In the mid-morning, a message is sent to all the inmates that Swamiji is calling everyone to discuss the service at the Annakshetra (Dining hall). Swamiji is always very concerned about the manner in which the inmates serve those who dine at the Annakshetra. The action of serving and looking after the needs and comforts of those who are partaking of the food is wholly guided by the attitude with which the person is performing the service. Swamiji wants us to be more attentive to the workings of our minds as we perform even the simplest of duties in the Annakshetra and in other areas of the ashram too. This is another important aspect in our day-to-day sadhana where the mind and body must be harmonised to develop a better personality, to be a better human being.

As the inmates gather at the lower veranda, they read what Swamiji has already written on the black board.

Our austere standards

Our benevolent attitude

Needs of devotees and visitors                                                  

Integration of the above


Swamiji speaks to the assembled inmates about the austere standards of the ashram where waste is abhorred and yet a keen eye is kept on the nutritional requirements of the inmates. Some listeners guiltily acknowledge that when they return home from the ashram, they look healthier than before. This belies the mistaken notion that ashram food is neither delicious, nor filling. Ma and Nutan Swamiji very often consult Swamiji about the items to be served during meals, keeping in mind the preferences of the visitors and inmates. Many a visitor’s heart is filled with wonder and gratitude on discovering that Ma had made arrangements for chapattis to be served for his meals because he does not take rice or she remembers that another likes his coffee a bit strong. The amazement is greater when one thinks of the ever-increasing number of visitors coming through the gates of the ashram at all hours of the day. 

A guest once recalled lying in bed on a cold dark dawn and listening to the sound of heavy rain outside. It was very dark and there was a power failure. He was wondering if he could brave the early morning bath in cold water when he heard the sound of the guest-house gate opening and footsteps of someone splashing through the water and moving towards the shed behind the building.  About half an hour later there was a knock on his door. The gardener was standing outside with a bucket of hot water! Since there was no electricity, Nutan Swamiji had come from the ashram building in the heavy rain to tell the gardener to light a fire and heat up water for the guests to bathe.  Not many householders can claim the same concern and self-less attitude in their interactions with guests in their own homes. The vast expansive minds of the sannyasins enfold each and every individual with equal warmth and concern. That same expansiveness and inclusiveness are the qualities sought in the disciples. They must learn that in every action, no matter how insignificant, personal preferences are not to be given an inch of space. The heart should be filled with concern for the needs and comforts of others. The mind has to be led away from the narrow confines of ‘me & mine’, to escape the chains of blood and societal relations and embrace the wider world of humanity.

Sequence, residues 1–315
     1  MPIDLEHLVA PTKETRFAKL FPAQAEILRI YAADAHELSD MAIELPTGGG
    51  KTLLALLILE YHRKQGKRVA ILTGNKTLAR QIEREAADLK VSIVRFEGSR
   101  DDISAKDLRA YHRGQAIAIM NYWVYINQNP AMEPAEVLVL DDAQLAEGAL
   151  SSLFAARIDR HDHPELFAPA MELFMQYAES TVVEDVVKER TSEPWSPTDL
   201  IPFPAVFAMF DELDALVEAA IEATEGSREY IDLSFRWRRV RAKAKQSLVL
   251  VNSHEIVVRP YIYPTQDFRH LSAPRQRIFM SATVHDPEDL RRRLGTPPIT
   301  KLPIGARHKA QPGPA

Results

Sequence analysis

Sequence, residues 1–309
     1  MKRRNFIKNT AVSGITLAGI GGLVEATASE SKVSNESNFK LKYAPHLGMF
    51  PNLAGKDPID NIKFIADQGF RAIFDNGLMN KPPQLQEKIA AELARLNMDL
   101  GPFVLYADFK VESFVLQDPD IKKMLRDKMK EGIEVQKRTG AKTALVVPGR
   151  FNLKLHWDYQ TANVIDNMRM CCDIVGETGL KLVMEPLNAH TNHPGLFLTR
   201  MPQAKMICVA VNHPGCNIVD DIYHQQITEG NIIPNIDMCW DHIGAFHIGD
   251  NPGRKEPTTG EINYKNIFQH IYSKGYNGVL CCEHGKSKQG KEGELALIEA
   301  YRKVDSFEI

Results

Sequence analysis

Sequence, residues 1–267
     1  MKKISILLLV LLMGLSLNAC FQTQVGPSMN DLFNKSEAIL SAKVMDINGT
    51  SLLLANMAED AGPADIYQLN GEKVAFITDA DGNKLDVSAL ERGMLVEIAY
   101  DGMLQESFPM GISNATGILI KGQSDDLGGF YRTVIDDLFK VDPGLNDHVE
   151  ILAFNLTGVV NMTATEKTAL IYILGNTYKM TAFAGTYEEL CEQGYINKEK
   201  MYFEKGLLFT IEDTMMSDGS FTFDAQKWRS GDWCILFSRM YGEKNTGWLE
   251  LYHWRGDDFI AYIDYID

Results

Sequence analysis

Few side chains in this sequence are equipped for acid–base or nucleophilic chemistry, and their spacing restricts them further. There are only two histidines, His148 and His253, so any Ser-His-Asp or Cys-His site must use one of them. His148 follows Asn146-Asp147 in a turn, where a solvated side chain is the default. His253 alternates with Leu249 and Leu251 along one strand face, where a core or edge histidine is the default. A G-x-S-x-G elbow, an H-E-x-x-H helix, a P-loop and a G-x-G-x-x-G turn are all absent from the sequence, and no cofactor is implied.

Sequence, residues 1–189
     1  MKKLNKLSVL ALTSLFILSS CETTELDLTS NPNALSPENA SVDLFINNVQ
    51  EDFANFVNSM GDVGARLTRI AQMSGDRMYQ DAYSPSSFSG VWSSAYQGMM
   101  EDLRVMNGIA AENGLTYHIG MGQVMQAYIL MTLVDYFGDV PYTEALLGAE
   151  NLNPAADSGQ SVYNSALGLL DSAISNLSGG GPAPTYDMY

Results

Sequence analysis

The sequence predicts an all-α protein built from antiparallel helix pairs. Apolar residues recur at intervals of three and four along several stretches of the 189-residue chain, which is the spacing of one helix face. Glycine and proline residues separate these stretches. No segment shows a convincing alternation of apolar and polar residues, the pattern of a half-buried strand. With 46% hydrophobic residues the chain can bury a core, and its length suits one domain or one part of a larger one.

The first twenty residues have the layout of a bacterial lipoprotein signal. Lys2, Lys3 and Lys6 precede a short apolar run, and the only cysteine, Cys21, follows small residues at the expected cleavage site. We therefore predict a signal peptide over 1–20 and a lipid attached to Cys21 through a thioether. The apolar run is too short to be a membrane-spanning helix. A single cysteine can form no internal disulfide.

Often in the past, Swamiji has been heard giving directions to seekers about how to maintain purity and cleanliness in the kitchen and dining areas. Order and cleanliness around us are closely linked to the purity of the mind. The thoughts coursing through the mind of the one preparing the food affects the quality of the food and thus the physical and mental well being of the one who partakes of it. All actions, be it cutting vegetables in the kitchen or washing the vessels, must be performed with the accompanying thought that it is being done for the Almighty. Even while picking up fruits and vegetables from the market, the seeker must keep in mind that it is for Him he is in the market. This attunement of the mind brings in fresh energy and removes any tiredness or disinterest. Swamiji says that every work we do, even an insignificant everyday chore, is to be done with great attention to the minutest of details. This attention to details also reflects on our ability to perceive the hidden dark corners of our mind. Recognition of the disorder and impurities deep within us is the first essential step in our effort at cleansing our minds. With repeated practice, the mind gradually becomes light and one-pointed, a quality that aids the meditative efforts of the seeker.

To ensure proper service during the meals, some procedures are followed, which have been formulated by Ma. While Swamiji was explaining the need to adhere to the system, an inmate confessed that she was confused and unable to remember all the ‘rules’. Swamiji paused for a while and then told her that a mother’s heart knows only love when she serves her family. It is this love that sweeps away all the confusion and brings in acceptance, concern and benevolence.

At the end of the meeting as the group disperses, every individual is looking within at the working of his mind. Swamiji’s words ring in the ear and there is a fresh resolve to rise to the dimensions expected by the Guru.